Q. What is the difference between a thyroid nodule, a multinodular goiter and a toxic multinodular goiter?

A. A thyroid nodule is simply what it sounds like: a lump in the thyroid, usually one that’s felt by the patient or the clinician. The term “thyroid nodule” doesn’t indicate anything about the underlying pathology, it is simply a clinical, descriptive term. Lumps or nodules in the thyroid can be caused by many different things, including multinodular goiter, other benign conditions such as thyroiditis or Graves disease, and thyroid neoplasms, such as adenoma and carcinoma. A nodule always needs to be investigated (the best way is with a fine-needle biopsy) because of the possibility (though small) that it could be caused by carcinoma.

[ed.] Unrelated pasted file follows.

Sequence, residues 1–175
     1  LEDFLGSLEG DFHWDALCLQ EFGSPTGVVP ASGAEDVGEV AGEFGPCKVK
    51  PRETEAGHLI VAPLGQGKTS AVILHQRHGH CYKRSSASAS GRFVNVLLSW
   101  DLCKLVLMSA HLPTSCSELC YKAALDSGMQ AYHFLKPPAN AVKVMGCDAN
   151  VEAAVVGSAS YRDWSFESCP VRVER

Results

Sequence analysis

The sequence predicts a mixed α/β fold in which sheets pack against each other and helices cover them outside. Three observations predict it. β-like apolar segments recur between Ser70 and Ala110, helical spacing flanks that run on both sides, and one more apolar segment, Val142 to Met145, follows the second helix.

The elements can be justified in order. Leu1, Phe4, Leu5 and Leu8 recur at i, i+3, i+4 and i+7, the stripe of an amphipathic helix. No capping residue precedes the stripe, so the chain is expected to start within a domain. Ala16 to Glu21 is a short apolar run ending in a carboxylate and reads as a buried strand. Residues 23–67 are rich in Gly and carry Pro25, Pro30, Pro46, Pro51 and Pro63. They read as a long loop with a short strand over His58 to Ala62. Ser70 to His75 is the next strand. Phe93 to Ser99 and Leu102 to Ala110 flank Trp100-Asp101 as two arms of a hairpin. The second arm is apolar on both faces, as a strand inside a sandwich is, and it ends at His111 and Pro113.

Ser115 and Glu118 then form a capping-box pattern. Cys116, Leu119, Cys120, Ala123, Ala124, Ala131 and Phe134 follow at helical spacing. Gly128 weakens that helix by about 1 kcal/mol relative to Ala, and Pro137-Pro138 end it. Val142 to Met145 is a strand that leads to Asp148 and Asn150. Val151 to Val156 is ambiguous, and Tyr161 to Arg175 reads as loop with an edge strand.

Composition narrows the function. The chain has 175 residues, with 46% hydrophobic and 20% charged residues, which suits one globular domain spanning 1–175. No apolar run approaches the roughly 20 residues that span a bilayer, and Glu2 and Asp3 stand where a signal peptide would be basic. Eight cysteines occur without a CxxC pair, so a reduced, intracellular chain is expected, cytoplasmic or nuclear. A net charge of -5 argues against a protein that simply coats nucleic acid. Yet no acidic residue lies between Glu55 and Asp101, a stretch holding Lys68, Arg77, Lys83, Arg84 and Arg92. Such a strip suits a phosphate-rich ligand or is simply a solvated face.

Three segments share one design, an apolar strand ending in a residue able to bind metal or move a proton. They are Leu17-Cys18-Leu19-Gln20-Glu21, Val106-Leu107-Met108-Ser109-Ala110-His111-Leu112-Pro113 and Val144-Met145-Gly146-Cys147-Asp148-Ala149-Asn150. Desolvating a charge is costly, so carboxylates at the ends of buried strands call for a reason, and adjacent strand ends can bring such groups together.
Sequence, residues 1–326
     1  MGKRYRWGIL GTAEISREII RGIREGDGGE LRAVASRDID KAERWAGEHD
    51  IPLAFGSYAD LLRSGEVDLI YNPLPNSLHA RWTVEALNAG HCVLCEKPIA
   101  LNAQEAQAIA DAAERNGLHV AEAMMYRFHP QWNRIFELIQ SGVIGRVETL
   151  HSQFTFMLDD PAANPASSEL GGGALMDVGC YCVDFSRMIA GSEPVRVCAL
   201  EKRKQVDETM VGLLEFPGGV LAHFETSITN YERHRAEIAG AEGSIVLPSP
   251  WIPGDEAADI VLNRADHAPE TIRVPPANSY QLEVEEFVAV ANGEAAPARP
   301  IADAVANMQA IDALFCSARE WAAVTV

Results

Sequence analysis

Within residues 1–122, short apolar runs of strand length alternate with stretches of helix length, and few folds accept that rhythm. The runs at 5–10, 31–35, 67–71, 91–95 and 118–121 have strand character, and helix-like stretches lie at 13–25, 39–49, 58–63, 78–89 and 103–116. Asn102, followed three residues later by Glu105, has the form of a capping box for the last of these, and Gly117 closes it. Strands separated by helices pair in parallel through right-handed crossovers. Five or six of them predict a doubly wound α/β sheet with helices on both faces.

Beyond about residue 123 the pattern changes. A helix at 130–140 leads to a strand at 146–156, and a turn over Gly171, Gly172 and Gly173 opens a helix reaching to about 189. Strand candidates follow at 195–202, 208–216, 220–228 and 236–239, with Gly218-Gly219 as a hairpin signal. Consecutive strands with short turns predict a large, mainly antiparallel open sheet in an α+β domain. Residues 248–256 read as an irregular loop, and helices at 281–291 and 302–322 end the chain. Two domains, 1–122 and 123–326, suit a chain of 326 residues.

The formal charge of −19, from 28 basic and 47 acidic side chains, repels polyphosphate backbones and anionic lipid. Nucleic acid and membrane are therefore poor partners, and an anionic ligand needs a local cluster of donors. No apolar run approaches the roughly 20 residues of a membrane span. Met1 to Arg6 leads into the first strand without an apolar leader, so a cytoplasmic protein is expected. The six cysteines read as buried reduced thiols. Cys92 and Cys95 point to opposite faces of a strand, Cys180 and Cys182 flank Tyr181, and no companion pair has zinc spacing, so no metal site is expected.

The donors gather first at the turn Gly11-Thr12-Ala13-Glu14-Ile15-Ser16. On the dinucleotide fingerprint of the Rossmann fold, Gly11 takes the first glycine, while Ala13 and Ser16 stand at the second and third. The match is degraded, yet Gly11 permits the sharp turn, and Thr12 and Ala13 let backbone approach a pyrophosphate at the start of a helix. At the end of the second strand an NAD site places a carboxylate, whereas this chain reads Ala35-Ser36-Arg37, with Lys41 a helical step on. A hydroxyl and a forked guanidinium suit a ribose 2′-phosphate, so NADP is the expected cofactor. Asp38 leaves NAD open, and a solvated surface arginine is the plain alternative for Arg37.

A multinodular goiter is simply a late-stage goiter, meaning a goiter that’s been around for a while and has had a chance to grow and become lumpy. “Goiter” simply means “enlarged thyroid” – so you can technically use the term any time a patient has a big thyroid (like, for example, patients with Graves disease). In this context, however, with the word multinodular attached, it means a goiter that is caused by an inability to produce thyroid hormone (which can happen for many reasons; in underdeveloped countries it’s commonly because of iodine deficiency, whereas in this country the reasons are often unclear). A low T4 level causes the pituitary to secrete more TSH, which makes the thyroid grow bigger (hence, the goiter). As this process evolves, some areas of the thyroid are growing and trying to produce thyroid hormone and others are not growing, but involuting. Repeated cycles of growth and involution can damage the thyroid, and as it repairs itself, fibrosis occurs, leading to a lumpy, nodular appearance in the goiter.”Toxic” means that the thyroid is producing thyroid hormone at an increased rate. The term toxic multinodular goiter is loosely used to describe any lumpy thyroid that is producing excess thyroid hormone. This could occur in a thyroid adenoma that’s producing thyroid hormone (and which appears clinically as a lump) or it could occur within the context of a true multinodular goiter. Sometimes, for reasons that are not clear, a nodule within a multinodular goiter can sort of break away and start producing thyroid hormone autonomously (without the input of TSH). In these instances, the patient may actually become hyperthyroid!Note: the cool vintage Morton Salt ad belongs to jbcurio, and can be found at: http://www.flickr.com/photos/jbcurio/2173554959/.